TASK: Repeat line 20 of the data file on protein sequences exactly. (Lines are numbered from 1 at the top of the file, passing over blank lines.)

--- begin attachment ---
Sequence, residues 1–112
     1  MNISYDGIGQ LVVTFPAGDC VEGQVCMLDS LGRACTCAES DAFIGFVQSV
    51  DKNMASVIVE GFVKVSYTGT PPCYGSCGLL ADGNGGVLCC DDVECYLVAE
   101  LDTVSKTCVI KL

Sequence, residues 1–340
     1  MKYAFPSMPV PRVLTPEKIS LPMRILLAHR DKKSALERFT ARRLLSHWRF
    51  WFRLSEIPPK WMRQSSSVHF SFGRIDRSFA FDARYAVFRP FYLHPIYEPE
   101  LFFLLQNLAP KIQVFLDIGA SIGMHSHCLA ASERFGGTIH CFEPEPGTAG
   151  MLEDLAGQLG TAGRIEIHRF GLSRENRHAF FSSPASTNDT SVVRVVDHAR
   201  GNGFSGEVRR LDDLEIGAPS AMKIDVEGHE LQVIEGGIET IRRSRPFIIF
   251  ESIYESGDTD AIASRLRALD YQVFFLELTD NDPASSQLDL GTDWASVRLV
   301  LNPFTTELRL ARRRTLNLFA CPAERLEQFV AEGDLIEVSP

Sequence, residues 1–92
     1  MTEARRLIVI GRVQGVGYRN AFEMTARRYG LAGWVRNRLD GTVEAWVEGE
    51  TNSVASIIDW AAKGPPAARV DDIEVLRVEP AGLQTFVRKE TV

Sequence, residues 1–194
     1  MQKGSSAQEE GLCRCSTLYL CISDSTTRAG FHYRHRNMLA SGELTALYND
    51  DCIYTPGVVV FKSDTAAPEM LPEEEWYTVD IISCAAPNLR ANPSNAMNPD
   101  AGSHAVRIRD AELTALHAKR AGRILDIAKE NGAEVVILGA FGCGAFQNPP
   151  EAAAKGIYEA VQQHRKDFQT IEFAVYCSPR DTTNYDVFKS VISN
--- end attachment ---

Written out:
   151  EAAAKGIYEA VQQHRKDFQT IEFAVYCSPR DTTNYDVFKS VISN